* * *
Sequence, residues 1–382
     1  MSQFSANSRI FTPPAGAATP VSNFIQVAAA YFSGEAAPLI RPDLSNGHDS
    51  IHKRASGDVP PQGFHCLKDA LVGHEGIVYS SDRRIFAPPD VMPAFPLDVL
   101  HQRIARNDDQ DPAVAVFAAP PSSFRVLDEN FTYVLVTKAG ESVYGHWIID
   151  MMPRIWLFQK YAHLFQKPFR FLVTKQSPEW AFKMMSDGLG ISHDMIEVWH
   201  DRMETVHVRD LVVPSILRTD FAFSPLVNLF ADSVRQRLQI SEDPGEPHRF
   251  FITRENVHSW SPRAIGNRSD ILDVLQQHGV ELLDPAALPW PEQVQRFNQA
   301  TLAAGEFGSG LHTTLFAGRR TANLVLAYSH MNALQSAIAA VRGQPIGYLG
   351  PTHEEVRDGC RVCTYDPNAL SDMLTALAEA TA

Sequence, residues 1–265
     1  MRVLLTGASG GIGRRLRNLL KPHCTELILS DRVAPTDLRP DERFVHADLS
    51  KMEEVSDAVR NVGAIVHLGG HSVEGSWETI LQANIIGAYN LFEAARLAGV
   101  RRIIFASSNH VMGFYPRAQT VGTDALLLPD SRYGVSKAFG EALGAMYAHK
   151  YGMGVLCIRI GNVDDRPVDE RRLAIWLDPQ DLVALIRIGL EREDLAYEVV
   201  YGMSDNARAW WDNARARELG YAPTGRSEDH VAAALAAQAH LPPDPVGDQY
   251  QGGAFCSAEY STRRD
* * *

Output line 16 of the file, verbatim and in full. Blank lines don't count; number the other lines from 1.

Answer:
   251  QGGAFCSAEY STRRD